The fun, and everyday, Spanish word borracho is.… drunk. Although it sounds nothing like the English “drunk” it does have a subtle cousin in English: inebriated. Although they don’t look the same we can see the parallel if we look with squinted eyes:
The b‑r-ch root of borracho maps to the b‑r in (in)-b-r‑t. The English version sounds more Latinate because we added the in- prefix for emphasis at the beginning.
Okay, put the Spanish for “moon”, Luna, being related to Lunatic, in the category of, “It’s so obvious you never realized it until someone once pointed it out to you!”.
Nighttime has historically, since ancient times, been associated with danger and the crazy riskiness that comes alongside it. This is manifested in many forms, including the Luna/Lunatic parallel.
Think, also, about parallel English cliches like, “shooting for the moon”: someone who is trying something that is so risky and unlikely to succeed that you must be insane to even try it!
The Spanish ladrón, for thief, sounds unrelated to any English word.
But, it does have an interesting connection to the English for the same, Burglar.
Burglar comes from the Latin burgus, which meant “castle” or a “fortified town” — think about the ‑burg ending in many place names, like Pittsburgh or Edinborough.
But, if burglar comes from burgus, then where did the ‑l- in the middle come from?
Well, the ‑l- was inserted slowly over time under the influence of the Latin for thief, latro. The word for “thief” was, unconsciously, made to sound similar to the other word for thief! And from latro we get, directly, the Spanish ladrón.
Thus, although burglar isn’t directly descended from ladrón, they are incestuous cousins.
Today’s pattern is another entry in the “obvious in hindsight” category.
Presupuesto is the common Spanish word for “budget.” Sounds arbitrary and hard to remember.
But it turns out, this is just a participle of presuponer, which is conjugated just like poner and means… to presuppose.
We see the relation between the words obviously in the too-clear pre-s-p‑s pattern.
A budget, after all, is just presupposing how all the money will be spent, right?
Chicle (Spanish for “gum”) gives us the English chiclets, the gum brand. Through a funny story: when Mexican general Santa Anna lost Texas, he fled — dressed up in drag, actually (true story!) — to Staten Island. There, he stayed with an inventor Thomas Adams and told him about the Mexican love of chewing chicle… the rest is history.
“To marry”, in Spanish, is casarse.
The funny part: casarse comes from the common Spanish word for “house”, casa. That makes sense: getting married is fundamentally about two people building a house together, metaphorically and literally.
In English, although marry is unrelated, two English words convey the same concept. Husband, in English, comes from the Old English “hus — bondi”, which mean, “House Dweller”: so the Husband is the one who lives in the house!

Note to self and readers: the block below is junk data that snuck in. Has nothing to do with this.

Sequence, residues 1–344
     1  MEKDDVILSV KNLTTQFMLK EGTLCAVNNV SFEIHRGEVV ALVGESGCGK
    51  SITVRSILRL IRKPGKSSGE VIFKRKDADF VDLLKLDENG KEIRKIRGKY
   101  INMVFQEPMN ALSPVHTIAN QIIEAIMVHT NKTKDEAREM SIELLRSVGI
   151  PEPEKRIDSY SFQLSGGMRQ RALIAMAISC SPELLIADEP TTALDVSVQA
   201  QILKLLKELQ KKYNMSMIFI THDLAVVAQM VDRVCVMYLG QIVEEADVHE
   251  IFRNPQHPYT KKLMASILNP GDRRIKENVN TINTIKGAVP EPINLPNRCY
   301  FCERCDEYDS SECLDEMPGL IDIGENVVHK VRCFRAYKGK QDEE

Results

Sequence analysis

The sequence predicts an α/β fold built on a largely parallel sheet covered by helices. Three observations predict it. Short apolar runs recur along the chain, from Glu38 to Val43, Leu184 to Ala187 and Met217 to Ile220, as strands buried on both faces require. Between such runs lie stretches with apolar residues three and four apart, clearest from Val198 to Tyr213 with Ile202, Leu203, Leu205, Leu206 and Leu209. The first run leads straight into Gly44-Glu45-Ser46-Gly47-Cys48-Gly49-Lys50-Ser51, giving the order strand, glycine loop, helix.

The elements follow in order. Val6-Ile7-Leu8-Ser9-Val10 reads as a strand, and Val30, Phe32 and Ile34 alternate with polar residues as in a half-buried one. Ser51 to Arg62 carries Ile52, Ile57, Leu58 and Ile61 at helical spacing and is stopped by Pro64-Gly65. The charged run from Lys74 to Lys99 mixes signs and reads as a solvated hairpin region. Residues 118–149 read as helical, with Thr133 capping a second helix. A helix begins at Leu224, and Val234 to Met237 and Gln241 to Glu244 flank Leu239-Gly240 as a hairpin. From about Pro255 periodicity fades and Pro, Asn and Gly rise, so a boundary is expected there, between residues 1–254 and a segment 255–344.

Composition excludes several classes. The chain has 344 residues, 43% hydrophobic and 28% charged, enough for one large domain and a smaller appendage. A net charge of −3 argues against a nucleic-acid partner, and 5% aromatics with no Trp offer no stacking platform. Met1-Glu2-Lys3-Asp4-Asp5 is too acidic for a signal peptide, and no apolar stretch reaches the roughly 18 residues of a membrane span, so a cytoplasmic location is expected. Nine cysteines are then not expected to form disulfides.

Even better: American slang hands down to us a lower version of the same concept, the slang phrase, “to shack up”, meaning, well, to either live together in sin — premaritally — or more recently, to have sex in a one-night stand. A shack, after all, is just a poor house.
Mientras (Spanish for “while”), comes from the Latin dum interim, meaning, “in the meantime,” which itself comes from the earlier basic prefix, inter-. Interim has entered formal English speech meaning the same, of course.
The n‑t-r root is visible in both mientras and interim — but it is less obvious because of the m- opening sound, from the lost prefix dum (“out of”).
The English foot comes from the Indo-European root *ped. Think pedal.
Interestingly, the “p” sound consistently transformed into an “f” in the Germanic languages — but remained a “p” in the Latinate languages.
This is why, foot is equivalent to pie.
Other examples of this pattern include father and padre, and the English far is from the same root as the Latin per.
Suelo is Spanish for “floor” although it is not too common (piso is the more common word). But, very common is subsuelo — the sub-floor, that is: the basement.
This is, unexpectedly, related to a few English words.
Suelo comes from the Latin solum, meaning “ground.”
From solum, we get two English words:
First, soil — yes, the soil is what is on the ground below you!
Second, sole — as in the sole of your shoe. This, too, is below you as you walk.
In both, we clearly see the s‑l root staying consistent.
Luego (Spanish for “later”) comes from the Latin locus (“place.”) From this same Latin root we get various place-related English words, including…
We can see the l‑g of luego map to the l‑c of locate clearly.
The interesting question is how “place” came to mean “later” in Spanish. It’s interesting. Basically, in ancient Latin (and even moreso in vulgar Latin), locus (“place”) was used in lots and lots of expressions related to time. So, over time, the word for “place” became more and more associated with the word for “time” — until, eventually, it became a type of time… being late. Perhaps it’s not a coincidence that the Latins are always late — stereotypically, at least!